E-Commerce Organization | ASK Answers | All MKC Content | ANA

E-Commerce Organization


How are companies organizing e-commerce?

E-commerce isn't new — and it's how countless people already buy products because it's easier, faster, and virtually accessible. People simply don't need to depend on retail locations anymore. The most successful brands invest millions in e-commerce, from technology to content development optimization and strategies.

This means marketers need to prioritize the right tools, talent, and need for innovation. When it comes to innovating around e-commerce, brands need to allow failure to happen to test what works and what doesn't, which involves social listening and the right data infrastructure and ecosystem.

To succeed, companies need to fulfill — and anticipate — consumers' needs. When it comes to telecommunications and e-commerce, brands need the best business-grade services that are seamless, easy, and intuitive.

Christopher Thomas-Moore, VP of digital marketing and global e-commerce at Domino's, stressed the importance of testing, allowing failure, and finding ways to innovate to better the consumer journey and experience, stating at ANA conferences in 2019, "We do a ton of social listening and have a few different platforms we leverage. We leverage [social media] to get an understanding of the conversations going on. We also do a lot of quantitative and qualitative research to get directly to customers and understand what's going on in their lives and how we can improve it."

Thomas-Moore also added, "It starts with culture. You have to build a willingness to accept failure. That being said, we do a ton of research before trying these things. When we're in the ideating process, it's not that we're always thinking about tech, though we know we can execute on those items. We're thinking about those cultural, customer, and category tensions, which guide us into what we should be pursuing, as opposed to forcing technology."

The ASK research team has curated best practices, industry research, and case studies showcasing companies that have built successful e-commerce programs.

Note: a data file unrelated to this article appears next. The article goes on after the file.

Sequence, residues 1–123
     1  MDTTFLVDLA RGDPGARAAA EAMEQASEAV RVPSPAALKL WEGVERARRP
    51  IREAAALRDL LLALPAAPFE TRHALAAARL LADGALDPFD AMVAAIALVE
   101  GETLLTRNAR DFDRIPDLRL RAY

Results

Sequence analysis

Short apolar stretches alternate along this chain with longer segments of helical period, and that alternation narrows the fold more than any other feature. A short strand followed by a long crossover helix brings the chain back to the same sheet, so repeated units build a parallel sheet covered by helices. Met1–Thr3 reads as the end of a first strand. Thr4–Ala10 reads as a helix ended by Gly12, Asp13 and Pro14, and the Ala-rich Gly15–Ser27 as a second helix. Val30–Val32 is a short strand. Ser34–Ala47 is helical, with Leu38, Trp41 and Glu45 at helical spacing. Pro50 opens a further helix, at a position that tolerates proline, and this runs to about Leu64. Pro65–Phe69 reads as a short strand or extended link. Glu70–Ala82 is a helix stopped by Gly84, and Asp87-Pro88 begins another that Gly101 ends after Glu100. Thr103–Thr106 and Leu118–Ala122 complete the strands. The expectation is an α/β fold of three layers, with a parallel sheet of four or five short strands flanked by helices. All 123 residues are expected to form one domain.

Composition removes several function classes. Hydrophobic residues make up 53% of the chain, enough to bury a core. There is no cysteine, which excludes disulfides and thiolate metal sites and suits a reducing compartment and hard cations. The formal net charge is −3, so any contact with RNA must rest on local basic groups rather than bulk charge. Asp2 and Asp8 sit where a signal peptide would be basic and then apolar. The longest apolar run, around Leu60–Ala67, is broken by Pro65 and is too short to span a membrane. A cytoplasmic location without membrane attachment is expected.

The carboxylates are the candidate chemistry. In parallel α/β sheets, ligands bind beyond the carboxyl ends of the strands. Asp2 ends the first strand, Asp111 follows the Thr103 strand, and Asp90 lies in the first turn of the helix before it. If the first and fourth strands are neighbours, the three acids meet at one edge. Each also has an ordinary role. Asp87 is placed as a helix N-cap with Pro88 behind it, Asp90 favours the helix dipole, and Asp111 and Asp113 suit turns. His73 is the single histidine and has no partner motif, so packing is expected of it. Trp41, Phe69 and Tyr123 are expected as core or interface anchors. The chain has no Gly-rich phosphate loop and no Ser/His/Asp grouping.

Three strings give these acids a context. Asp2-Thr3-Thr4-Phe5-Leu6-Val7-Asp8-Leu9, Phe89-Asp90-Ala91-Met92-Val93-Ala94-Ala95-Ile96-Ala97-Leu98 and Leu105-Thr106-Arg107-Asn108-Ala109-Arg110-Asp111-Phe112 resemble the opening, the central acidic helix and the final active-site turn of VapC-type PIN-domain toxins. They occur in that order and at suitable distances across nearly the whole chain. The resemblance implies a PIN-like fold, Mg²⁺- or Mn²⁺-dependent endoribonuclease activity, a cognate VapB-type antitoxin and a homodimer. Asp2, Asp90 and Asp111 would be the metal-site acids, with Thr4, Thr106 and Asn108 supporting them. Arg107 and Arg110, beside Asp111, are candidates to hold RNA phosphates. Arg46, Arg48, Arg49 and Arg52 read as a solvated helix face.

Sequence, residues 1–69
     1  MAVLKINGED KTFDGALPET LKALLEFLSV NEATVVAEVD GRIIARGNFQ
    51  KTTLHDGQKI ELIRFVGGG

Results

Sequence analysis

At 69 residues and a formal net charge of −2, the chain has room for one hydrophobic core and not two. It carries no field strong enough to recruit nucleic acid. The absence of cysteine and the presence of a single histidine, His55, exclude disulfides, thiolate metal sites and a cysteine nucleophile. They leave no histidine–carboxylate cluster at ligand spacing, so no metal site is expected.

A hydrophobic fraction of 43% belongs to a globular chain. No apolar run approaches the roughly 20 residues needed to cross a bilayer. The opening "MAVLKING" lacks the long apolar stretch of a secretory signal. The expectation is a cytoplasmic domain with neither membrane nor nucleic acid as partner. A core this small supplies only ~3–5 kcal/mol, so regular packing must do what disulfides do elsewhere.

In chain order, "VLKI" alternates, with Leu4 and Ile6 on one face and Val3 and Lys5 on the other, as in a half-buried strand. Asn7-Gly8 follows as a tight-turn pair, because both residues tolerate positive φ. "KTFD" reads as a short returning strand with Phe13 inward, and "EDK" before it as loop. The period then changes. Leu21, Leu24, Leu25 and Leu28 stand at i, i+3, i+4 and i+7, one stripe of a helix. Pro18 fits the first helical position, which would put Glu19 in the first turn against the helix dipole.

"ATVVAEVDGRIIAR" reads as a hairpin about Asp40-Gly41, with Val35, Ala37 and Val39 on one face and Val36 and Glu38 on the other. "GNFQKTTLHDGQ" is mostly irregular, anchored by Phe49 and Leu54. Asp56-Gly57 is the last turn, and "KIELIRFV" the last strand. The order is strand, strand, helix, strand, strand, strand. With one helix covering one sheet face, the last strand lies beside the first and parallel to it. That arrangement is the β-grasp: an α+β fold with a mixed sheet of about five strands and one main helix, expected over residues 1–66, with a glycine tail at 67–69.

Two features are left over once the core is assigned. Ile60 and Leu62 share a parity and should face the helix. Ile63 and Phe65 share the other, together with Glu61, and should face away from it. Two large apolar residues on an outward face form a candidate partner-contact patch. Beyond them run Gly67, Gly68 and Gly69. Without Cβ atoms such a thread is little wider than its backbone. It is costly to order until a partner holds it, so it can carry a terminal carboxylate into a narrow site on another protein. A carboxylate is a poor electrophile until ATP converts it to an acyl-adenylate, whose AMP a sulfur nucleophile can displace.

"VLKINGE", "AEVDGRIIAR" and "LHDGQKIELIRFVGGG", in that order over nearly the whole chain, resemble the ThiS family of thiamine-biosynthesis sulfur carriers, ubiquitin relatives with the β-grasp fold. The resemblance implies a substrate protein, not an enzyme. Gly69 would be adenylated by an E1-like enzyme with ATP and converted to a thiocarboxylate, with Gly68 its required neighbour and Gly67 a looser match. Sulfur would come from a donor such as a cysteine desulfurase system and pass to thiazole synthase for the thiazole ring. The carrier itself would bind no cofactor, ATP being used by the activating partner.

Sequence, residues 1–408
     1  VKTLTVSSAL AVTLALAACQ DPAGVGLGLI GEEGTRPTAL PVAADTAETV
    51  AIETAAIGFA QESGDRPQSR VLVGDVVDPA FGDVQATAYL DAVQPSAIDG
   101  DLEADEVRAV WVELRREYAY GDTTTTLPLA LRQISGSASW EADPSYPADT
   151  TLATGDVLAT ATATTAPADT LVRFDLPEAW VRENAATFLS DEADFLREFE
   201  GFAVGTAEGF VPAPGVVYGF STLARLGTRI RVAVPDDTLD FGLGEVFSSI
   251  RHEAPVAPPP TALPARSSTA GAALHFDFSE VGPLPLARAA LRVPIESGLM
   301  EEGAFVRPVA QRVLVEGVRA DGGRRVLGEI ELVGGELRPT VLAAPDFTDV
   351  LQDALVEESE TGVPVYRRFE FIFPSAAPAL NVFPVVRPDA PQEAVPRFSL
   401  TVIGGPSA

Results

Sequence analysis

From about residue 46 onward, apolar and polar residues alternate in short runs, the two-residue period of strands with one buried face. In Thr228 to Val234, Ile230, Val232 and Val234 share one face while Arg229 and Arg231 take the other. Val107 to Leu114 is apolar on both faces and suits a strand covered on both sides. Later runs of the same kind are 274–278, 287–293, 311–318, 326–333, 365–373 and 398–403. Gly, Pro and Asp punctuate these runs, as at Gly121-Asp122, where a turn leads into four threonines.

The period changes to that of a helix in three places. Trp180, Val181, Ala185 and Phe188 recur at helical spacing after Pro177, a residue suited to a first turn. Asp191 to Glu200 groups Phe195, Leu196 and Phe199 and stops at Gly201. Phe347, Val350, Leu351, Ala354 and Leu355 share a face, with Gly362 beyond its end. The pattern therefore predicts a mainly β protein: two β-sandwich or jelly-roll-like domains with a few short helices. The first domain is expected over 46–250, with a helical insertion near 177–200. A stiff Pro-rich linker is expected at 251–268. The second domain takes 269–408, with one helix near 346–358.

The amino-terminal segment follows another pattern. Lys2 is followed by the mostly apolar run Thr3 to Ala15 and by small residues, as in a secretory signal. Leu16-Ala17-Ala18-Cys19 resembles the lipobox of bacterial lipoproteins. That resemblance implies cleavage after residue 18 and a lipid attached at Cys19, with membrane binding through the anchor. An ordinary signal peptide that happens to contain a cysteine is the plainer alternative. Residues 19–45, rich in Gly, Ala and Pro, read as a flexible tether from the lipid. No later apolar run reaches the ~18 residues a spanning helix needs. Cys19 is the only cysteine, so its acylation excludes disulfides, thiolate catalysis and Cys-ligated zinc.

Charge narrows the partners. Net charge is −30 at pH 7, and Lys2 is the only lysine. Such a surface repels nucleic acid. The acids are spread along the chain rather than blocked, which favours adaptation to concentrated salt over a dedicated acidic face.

Models for E-Commerce Organizational Structure

  • E-Commerce Best Practice Guide.
    The chapter titled "People" advises, "Structure should always follow strategy." The guide includes two hypothetical org structures and discusses lines of reporting. It also says, "The most straightforward way to structure an e-commerce team is to think in terms of the business drivers of an e-commerce site." It lists six drivers of e-commerce business: 1) Product; 2) Brand & Content; 3) Marketing; 4) Trading & Conversion; 5) Operations; and 6) Fulfillment. Per the report, "Each of these six drivers must have domain experts leading them. These 'vertical' drivers, or pillars, are supported by the horizontal roles of finance, HR, technology, as well as data, which sits in the front and underpins the whole e-commerce business."

How can we help you? Submit a request to Ask the Expert here.

  • Building a High-Performance E-Commerce Organization.
    There is no single universal and overarching answer for how to organize around e-commerce. Nor is there a single "right" answer for where e-commerce should report, says Profitero. Also discussed:
    • What makes a successful digital commerce leader
    • Where e-commerce should report
    • How to determine, allocate, and grow dedicated headcount
    • Balancing in-sourcing versus outsourcing to brokers, agencies, and consultants
    • Critical workstreams
    • Common roles and responsibilities needed to succeed
  • Six Governing Considerations to Modernize Marketing.
    McKinsey & Company
    This paper discusses flexibility and culture change, as well as meeting talent demands. Two examples from e-commerce companies are cited:
    • One large e-commerce company has mostly given up on classical marketing functions, such as brand strategy, communications planning, and campaign management. Instead it has set up a community for data-driven marketing. Strategists, creative designers, and data specialists work closely together, and different people roll on or off the team depending on momentary requirements. In such a setting, the CMO has the flexibility to reallocate capacity and skills quickly to the most promising growth opportunities, leading to increased responsiveness and proximity to the customer at all times while increasing employee satisfaction through diversity of responsibility and increased accountability.